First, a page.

There is a quack, self-serving, and silly search-related OpEd in Monday’s NY Times that would be amusing, if it weren’t so indelibly dumb. In it the founder of a company, Foundem, in the search business alleges that search company Google should be investigated and forced to do a better job of highlighting firms like his.
Gosh, what a shocker. Someone in search with minimal web traffic — Compete says Foundem gets a little less web traffic than The Fortune Cookie Chronicles does, which is to say around 1,700 a month — wants someone in search with a lot of web traffic, Google, to send his company buckets of visitors. Amazing.
The OpEd goes downhill from there. We get a litany of silly complaints, like the idea that Google doesn’t innovate, that it just buys stuff from others, and that Google’s Maps and other products have hurt other companies. Yeesh. I’ll say this really slowly: Consumers want products that work together, simplify our lives, and solve problems. For this nitwit to want to throw us back to a world where we need point products — maps here, directions there, product search there, email over there, etc. — as some sort of full-employment act for me-too companies that can’t get web traffic on their own merits is batshit nuts.
Of course, there is a second level of stupid to this piece, and that goes to the NYT itself. It took until the fourth paragraph of the piece until we find out that the OpEd author is, you know, conflicted in that he himself runs a search company (albeit one with negligible traffic). Not only that, he has an axe to grind, as he goes on in paragraph four to arm-wavingly allege that Google "disappeared" his site from its results.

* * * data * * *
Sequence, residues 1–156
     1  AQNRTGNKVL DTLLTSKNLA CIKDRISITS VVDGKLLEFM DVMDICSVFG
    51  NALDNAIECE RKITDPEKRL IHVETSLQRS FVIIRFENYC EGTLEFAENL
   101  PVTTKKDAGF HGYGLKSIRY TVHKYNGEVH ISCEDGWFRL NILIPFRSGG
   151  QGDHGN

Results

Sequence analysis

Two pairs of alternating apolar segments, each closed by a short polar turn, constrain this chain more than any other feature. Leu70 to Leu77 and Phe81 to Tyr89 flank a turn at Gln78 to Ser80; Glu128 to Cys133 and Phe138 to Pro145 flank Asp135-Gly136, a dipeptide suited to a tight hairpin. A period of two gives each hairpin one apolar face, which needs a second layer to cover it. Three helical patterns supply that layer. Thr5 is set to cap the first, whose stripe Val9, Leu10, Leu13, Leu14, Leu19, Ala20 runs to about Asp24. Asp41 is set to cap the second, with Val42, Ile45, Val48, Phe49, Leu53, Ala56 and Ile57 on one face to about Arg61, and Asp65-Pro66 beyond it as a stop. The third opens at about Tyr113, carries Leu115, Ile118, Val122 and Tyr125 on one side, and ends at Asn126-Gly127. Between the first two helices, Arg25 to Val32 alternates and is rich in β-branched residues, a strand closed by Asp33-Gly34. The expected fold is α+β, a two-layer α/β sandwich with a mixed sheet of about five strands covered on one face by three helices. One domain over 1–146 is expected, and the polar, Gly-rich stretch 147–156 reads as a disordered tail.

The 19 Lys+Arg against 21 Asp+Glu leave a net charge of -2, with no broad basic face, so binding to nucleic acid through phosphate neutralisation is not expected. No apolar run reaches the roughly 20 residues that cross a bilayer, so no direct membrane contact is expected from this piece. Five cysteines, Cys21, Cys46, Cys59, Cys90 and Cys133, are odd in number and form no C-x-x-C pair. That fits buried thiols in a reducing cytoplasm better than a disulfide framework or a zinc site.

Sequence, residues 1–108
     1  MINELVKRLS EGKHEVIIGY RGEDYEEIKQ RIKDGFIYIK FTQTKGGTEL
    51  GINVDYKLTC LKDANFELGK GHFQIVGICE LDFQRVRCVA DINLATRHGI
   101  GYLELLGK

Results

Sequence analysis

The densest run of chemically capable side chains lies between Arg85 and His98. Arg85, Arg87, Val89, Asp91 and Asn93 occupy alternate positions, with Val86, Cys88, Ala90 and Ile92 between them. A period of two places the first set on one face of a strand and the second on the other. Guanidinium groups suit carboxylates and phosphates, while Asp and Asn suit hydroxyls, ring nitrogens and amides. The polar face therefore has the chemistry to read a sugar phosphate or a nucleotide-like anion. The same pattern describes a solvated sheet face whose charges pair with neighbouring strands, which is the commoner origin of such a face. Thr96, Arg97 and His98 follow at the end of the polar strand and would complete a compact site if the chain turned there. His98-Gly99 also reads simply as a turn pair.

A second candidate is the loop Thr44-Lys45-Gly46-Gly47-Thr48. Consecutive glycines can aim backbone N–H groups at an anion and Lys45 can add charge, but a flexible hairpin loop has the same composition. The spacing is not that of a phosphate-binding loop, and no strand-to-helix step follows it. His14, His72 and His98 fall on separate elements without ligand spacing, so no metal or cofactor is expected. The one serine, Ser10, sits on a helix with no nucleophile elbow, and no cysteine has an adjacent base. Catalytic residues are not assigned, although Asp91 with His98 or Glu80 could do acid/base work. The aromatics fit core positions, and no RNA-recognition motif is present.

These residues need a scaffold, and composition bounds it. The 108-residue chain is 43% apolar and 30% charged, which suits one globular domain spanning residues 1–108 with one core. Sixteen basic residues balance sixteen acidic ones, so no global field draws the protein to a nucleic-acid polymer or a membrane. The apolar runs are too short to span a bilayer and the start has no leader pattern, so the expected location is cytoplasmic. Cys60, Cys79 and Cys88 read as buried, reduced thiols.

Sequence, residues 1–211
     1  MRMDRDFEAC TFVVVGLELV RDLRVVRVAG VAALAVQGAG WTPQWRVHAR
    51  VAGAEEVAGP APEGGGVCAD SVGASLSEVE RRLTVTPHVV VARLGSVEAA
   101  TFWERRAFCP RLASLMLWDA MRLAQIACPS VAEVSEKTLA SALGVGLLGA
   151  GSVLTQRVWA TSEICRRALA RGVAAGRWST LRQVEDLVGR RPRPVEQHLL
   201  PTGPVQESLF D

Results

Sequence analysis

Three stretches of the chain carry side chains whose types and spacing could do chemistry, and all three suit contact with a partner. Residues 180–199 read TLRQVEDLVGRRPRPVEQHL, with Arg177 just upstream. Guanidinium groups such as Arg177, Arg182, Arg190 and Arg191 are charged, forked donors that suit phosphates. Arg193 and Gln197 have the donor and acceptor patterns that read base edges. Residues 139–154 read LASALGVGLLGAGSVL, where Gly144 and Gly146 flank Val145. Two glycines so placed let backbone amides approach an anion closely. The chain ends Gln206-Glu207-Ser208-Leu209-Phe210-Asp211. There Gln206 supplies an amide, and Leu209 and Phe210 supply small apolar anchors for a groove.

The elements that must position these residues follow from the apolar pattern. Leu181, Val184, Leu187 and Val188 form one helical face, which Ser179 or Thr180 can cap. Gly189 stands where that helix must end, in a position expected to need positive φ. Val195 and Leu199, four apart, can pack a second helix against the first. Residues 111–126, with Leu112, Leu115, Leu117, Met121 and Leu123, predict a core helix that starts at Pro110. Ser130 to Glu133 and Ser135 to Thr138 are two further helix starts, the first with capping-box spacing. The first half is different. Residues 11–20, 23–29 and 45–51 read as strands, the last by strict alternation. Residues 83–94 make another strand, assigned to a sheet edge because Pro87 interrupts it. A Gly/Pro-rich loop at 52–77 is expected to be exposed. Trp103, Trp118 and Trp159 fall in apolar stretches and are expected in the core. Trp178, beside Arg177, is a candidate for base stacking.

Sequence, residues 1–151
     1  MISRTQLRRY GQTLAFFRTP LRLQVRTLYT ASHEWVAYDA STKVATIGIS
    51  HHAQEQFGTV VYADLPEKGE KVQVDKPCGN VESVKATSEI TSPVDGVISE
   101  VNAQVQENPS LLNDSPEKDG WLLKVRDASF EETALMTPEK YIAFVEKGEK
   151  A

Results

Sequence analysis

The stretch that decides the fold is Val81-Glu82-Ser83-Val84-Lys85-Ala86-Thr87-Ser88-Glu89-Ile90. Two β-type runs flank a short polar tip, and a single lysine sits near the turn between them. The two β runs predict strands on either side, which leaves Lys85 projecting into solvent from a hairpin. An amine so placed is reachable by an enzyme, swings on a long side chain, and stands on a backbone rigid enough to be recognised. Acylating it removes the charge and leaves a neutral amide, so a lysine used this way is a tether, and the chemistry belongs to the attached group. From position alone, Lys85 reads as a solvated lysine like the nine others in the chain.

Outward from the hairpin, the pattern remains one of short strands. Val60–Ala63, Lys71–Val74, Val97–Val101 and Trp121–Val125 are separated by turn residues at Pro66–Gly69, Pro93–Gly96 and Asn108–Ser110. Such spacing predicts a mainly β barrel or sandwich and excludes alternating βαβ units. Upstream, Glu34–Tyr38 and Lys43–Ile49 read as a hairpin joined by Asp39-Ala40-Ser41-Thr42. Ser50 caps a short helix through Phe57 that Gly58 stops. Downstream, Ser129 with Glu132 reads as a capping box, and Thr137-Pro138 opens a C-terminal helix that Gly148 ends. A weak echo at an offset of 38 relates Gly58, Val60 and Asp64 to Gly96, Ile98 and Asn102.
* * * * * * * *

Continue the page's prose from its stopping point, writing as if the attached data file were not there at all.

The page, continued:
Really? Google went out of its way to make a tiny product search company in the U.K. disappear? That would be a great story if true (and one that the NYT still should have disclosed at the OpEd outset).
Trouble is, Google doesn’t "disappear" other much larger product search companies, as a quick search for "canon prices" will show you. Up pops shopper.cnet.com, pricegrabber.com, and so on, as well as, of course, Google’s own product search site. And no sign of Foundem.
A conspiracy though? Disappeared? No. As a critical piece in Econsultancy makes clear, Foundem’s traffic troubles are mostly its own. To Google, Foundem’s collection of pages looks more like a link directory, the sort of search spam that a good search engine should ignore, not highlight. The product data on its sub-pages are pulled from merchant feeds, with vanishingly few reviews or other useful, fresh content that Google’s search bots like to slurp.
Here is a closing quote from the Econsultancy piece on the subject of why Foundem does poorly in Google:
“I have to wonder whether the fact that Foundem apparently continues to rank well in Bing and Yahoo isn’t in fact a perfect example of why those sites currently struggle to manage 10% market share between them."
So, let’s summarize: The NY Times has run a silly editorial by a self-interested search company founder who would like his site to get more traffic, but hasn’t gone to the trouble of building something useful. The only scandal I see here is that apparently NY Times OpEds over the holidays are vetted by malnourished monkeys.